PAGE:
The presentation was marred by the absence of three serious heavy hitters: Dragon Quest XI, Persona 5, and Final Fantasy XV. However, with the likes of Square Enix and Atlus planning their own stage shows later in the week, Sony will be hopeful that both publishers give it a second wind throughout the course of TGS. And with a price drop locked in for 1st October, it'll surely be confident that the PS4 will enjoy a strong start to next year – especially with Dragon Quest Builders and Yakuza: Kiwami both out in January.
The most interesting thing from a Western perspective about this week's press conference is that there's practically no alternative to the PS4 if you're interested in Japanese games. We'd be hesitant to say that the Eastern industry is rebounding – smartphones are stronger than ever in those parts – but there's clear commitment from all of the biggest publishers to get consoles firing again, and it's undeniable that all of the resources are being centred on Sony's system. Square Enix, for example, has ten titles announced for the new-gen console – and that's ignoring everything from its ex-Eidos studios.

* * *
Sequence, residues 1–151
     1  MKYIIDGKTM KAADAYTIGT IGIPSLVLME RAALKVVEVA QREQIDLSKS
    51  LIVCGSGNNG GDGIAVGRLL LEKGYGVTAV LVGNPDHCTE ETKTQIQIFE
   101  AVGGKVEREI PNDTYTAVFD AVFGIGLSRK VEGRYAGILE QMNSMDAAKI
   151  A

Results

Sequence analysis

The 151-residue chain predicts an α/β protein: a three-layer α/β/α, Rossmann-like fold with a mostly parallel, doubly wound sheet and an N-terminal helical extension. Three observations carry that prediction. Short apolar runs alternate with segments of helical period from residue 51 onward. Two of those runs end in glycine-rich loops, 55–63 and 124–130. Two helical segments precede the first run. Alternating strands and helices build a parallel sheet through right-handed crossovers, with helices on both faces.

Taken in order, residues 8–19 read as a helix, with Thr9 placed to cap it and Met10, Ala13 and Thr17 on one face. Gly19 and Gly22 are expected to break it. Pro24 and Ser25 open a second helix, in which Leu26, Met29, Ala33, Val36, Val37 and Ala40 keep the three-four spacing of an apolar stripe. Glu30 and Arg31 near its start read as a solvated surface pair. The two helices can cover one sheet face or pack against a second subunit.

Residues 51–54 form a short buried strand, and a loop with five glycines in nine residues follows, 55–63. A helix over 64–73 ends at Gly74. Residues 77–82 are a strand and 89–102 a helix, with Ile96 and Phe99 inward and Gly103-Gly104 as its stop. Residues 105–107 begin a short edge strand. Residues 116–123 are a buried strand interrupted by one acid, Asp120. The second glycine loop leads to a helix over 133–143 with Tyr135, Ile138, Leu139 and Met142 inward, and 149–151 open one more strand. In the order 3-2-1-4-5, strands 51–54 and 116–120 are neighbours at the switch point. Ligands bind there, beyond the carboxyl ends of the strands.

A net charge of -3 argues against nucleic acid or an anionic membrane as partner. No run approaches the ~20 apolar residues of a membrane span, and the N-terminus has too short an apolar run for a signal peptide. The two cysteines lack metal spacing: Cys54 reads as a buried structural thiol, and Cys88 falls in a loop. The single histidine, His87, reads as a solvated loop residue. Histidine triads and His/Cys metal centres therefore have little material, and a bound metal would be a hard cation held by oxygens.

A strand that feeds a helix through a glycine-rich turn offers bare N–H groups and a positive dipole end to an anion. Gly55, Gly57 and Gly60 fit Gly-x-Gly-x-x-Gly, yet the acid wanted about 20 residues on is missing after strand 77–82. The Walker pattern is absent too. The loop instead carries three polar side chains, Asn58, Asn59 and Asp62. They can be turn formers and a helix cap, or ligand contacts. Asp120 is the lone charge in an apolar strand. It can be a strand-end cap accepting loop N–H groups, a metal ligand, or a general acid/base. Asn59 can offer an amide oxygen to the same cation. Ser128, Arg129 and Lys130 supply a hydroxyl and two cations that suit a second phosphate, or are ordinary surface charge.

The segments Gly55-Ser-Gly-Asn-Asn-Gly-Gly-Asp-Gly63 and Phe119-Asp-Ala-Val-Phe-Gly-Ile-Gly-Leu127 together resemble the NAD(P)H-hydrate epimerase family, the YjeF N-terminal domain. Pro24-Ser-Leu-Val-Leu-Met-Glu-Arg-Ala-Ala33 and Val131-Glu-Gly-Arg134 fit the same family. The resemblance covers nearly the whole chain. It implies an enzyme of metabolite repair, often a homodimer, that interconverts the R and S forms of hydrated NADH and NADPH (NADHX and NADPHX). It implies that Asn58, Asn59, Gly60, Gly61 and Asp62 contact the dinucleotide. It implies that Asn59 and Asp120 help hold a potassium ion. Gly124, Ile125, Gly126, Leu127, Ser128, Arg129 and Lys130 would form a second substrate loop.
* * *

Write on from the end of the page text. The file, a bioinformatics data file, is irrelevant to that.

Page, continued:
So tough times domestically clearly spell riches for us in Europe and North America; the likes of Yakuza 6 may struggle to step outside of Japan, but you can pretty much bank on the likes of New Danganronpa V3 and Star Ocean 5: Integrity and Faithlessness making it overseas. And it's the breadth and variety of software in the pipeline for PlayStation platforms that made this week's TGS press conference a welcome expansion of E3 2015. There may not have been the shock and awe of the Los Angeles show, but Sony seems to have virtually every taste and demographic covered right now. And that's rather impressive.
What did you think of PlayStation's pre-TGS presser? Do you think that we're seeing something of a comeback for Japanese developed console games? What was your favourite title on display during the show? Talk to us in the comments section below.